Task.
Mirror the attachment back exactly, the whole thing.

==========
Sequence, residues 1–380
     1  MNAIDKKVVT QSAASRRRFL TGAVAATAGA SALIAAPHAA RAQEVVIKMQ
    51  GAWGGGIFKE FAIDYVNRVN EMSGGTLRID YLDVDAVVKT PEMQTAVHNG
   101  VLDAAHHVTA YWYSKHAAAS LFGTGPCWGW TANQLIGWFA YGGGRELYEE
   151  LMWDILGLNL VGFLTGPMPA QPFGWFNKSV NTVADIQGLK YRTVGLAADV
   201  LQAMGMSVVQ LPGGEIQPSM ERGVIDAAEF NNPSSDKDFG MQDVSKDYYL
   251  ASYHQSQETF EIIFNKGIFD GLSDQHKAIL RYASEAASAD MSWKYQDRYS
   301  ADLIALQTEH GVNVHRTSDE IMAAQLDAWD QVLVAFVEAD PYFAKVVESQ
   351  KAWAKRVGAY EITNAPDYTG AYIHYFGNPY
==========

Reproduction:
Sequence, residues 1–380
     1  MNAIDKKVVT QSAASRRRFL TGAVAATAGA SALIAAPHAA RAQEVVIKMQ
    51  GAWGGGIFKE FAIDYVNRVN EMSGGTLRID YLDVDAVVKT PEMQTAVHNG
   101  VLDAAHHVTA YWYSKHAAAS LFGTGPCWGW TANQLIGWFA YGGGRELYEE
   151  LMWDILGLNL VGFLTGPMPA QPFGWFNKSV NTVADIQGLK YRTVGLAADV
   201  LQAMGMSVVQ LPGGEIQPSM ERGVIDAAEF NNPSSDKDFG MQDVSKDYYL
   251  ASYHQSQETF EIIFNKGIFD GLSDQHKAIL RYASEAASAD MSWKYQDRYS
   301  ADLIALQTEH GVNVHRTSDE IMAAQLDAWD QVLVAFVEAD PYFAKVVESQ
   351  KAWAKRVGAY EITNAPDYTG AYIHYFGNPY